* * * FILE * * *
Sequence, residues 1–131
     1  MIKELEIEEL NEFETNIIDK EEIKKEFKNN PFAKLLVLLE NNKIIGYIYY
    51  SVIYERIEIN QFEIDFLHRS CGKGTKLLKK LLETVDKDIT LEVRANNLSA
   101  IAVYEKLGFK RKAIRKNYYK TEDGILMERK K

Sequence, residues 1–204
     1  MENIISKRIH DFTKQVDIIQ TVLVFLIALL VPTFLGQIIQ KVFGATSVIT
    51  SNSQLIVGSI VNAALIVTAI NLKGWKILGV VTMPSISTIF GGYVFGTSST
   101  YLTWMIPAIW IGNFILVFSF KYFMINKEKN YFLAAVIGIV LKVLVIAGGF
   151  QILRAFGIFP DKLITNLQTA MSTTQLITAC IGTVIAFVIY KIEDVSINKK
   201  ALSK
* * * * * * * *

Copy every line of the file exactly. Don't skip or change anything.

Sequence, residues 1–131
     1  MIKELEIEEL NEFETNIIDK EEIKKEFKNN PFAKLLVLLE NNKIIGYIYY
    51  SVIYERIEIN QFEIDFLHRS CGKGTKLLKK LLETVDKDIT LEVRANNLSA
   101  IAVYEKLGFK RKAIRKNYYK TEDGILMERK K

Sequence, residues 1–204
     1  MENIISKRIH DFTKQVDIIQ TVLVFLIALL VPTFLGQIIQ KVFGATSVIT
    51  SNSQLIVGSI VNAALIVTAI NLKGWKILGV VTMPSISTIF GGYVFGTSST
   101  YLTWMIPAIW IGNFILVFSF KYFMINKEKN YFLAAVIGIV LKVLVIAGGF
   151  QILRAFGIFP DKLITNLQTA MSTTQLITAC IGTVIAFVIY KIEDVSINKK
   201  ALSK